In the latest issue of Ancient Egypt magazine  (No.78, June-July 2013) I have an article entitled “Egyptology and Photography: Two Founding Fathers”  which traces the correspondence between W H F Talbot and Egyptologist Karl Richard Lepsius in the 1840s. Lepsius was then preparing for his pioneering expedition to Egypt, and wanted to learn the art of photography from Talbot so that his team could use cameras to record inscriptions and ancient monuments.  As well as examining the evidence for what actually happened in Egypt, the article discusses Talbot's interest in Egyptology and ancient languages.

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  • Dear Mirjam,


    Many thanks for your comment and the very helpful pointers towards other studies of the topic. I began working on the Talbot-Lepsius links over a decade ago, and - due to problems behind the scenes at 'Ancient Egypt' magazine - my article was accepted in 2010 but remained in limbo for almost three years before being published. My article would doubtless have benefitted from my having been able to consult these works, but at least now I am aware of them, and look forward to reading more on the subject. My article was skewed slightly towards a more general audience and lacked some of the scholarly apparatus expected in an academic publication, but I am delighted to learn that someone else had read it! Thanks again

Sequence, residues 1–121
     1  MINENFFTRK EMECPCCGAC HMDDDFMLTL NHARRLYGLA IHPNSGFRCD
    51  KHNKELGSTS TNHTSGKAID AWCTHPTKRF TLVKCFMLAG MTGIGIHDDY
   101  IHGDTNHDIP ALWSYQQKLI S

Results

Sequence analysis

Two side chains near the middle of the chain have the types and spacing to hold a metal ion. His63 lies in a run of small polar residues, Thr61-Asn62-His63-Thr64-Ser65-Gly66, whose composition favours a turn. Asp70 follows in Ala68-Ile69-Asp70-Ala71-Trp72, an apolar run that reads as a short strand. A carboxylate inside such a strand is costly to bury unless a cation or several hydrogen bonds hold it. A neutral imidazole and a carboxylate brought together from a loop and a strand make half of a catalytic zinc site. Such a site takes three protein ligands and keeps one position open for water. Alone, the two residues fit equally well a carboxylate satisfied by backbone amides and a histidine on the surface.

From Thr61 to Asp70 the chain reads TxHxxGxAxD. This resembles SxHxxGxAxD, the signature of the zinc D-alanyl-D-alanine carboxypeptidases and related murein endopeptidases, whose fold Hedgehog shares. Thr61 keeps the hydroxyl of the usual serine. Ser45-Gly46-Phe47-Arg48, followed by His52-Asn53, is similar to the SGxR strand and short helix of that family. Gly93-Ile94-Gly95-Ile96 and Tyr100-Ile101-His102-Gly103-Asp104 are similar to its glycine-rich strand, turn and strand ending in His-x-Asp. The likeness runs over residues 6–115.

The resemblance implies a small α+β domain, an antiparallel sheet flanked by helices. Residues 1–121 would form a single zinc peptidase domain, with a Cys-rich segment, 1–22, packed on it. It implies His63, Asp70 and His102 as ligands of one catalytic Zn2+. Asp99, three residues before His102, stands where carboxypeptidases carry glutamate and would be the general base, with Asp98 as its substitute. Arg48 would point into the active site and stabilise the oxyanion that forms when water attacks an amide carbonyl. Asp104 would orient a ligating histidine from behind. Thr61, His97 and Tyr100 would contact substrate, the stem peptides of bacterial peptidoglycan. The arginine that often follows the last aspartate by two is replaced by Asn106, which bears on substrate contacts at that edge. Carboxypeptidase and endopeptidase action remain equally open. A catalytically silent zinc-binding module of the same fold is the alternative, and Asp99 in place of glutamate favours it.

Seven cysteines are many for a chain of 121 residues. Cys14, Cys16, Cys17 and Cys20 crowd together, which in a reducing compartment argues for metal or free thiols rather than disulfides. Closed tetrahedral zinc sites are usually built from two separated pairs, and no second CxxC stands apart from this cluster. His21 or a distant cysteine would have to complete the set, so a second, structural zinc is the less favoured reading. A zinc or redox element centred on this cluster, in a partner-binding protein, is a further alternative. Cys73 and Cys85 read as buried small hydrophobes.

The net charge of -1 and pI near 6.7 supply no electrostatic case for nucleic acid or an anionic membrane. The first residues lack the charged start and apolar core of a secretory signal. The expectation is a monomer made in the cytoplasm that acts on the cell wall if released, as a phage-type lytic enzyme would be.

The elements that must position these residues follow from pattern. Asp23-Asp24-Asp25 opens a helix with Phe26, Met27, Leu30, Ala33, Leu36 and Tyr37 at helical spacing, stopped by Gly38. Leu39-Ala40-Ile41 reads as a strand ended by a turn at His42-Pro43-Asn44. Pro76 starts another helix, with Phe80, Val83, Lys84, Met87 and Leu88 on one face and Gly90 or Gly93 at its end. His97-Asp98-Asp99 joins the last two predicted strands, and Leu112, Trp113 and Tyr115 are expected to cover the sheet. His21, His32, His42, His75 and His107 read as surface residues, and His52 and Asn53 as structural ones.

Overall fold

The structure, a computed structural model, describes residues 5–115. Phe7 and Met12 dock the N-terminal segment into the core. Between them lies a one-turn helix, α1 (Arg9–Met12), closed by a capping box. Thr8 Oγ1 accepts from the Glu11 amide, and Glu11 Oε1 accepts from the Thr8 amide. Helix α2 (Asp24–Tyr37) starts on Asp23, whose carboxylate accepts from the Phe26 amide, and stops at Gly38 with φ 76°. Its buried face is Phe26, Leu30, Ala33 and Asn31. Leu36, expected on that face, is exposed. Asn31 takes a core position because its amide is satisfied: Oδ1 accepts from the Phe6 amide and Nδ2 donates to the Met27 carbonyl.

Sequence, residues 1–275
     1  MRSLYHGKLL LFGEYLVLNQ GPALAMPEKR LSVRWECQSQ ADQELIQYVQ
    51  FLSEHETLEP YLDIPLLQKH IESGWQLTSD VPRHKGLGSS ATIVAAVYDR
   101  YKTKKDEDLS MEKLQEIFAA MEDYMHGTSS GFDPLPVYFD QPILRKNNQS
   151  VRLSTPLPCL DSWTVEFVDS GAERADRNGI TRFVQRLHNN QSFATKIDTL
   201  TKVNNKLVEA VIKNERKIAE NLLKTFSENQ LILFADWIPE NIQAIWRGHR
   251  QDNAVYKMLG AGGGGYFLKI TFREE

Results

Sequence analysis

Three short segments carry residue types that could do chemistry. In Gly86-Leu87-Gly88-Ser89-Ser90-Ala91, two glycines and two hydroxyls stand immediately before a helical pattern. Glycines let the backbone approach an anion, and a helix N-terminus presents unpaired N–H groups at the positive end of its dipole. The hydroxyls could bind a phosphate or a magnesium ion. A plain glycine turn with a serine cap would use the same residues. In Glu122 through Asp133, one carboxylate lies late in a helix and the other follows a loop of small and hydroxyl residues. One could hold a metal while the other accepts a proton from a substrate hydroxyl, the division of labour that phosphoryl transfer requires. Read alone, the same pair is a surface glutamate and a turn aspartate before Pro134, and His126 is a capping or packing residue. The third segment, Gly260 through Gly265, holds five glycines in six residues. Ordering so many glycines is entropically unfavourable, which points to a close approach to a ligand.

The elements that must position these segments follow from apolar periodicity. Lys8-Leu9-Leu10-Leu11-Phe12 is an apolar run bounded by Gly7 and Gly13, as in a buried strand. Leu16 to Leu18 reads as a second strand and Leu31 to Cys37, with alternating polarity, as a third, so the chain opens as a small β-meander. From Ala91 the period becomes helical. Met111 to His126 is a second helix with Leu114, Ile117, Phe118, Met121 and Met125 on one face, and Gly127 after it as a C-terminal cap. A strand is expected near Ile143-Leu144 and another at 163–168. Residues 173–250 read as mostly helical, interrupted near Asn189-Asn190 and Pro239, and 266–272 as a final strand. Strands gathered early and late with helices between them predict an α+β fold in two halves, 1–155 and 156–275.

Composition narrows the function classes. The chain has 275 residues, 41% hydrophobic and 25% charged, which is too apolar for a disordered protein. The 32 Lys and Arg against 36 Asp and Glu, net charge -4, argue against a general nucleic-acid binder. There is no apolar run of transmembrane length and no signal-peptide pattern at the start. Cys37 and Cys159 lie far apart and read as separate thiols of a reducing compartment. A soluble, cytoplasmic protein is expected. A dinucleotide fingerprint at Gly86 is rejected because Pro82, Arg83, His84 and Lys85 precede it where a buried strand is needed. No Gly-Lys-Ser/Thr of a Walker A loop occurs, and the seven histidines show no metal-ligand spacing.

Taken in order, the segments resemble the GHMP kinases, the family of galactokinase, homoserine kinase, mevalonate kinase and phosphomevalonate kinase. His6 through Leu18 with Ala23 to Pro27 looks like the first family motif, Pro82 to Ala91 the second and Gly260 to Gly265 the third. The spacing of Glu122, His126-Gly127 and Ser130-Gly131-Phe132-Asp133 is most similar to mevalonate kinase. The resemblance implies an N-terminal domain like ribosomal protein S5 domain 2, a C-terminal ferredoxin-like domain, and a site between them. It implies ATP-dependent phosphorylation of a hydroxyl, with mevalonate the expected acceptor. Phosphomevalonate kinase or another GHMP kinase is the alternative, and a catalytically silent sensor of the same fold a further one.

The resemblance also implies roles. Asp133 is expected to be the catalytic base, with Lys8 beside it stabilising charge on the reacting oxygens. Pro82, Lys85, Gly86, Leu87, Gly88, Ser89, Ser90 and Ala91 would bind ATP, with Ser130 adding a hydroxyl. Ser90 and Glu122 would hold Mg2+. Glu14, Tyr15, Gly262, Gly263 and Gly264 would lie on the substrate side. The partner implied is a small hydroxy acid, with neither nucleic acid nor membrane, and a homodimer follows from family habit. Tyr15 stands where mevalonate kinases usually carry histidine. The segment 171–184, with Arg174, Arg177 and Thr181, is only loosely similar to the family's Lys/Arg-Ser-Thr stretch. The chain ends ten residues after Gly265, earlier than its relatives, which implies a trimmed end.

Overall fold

• Dear James, I was very interested to read your article. For a different view on Talbot Tiglath Pileser incident I can recommend Robson, Eleanor, "Bel and the Dragons. Deciphering Cuneiform after Decipherment.," in  M. Brusius, K. Dean, C. Ramalingam  (Hg.), William Henry Fox Talbot: Beyond Photography, (New Haven; London: Yale University Press, 2013), 193-218. There is more on Talbot's interest in the antique in the book. For Lepsius and Talbot, Ingelore Hafemann has published "Richard Lepsius, William Henry Fox Talbot und die frühe Fotografie," Göttinger Miszellen: Beiträge zur ägyptologischen Diskussion (2009), 119-125 a few years ago. Hafemann has intensively worked on the Berlin Lepsius archive. I have touched on Lepsius and Talbot in my PhD and in "Inscriptions in a double sense: An early scientific photograph of script," Nuncius. Journal of the History of Science 24 (2009), 367-392 and came to a different conclusion as far as the actual use of photography in Egypt and Egyptology was concerned. Anyway, interesting read and happy to exchange more articles and ideas, if of interest.

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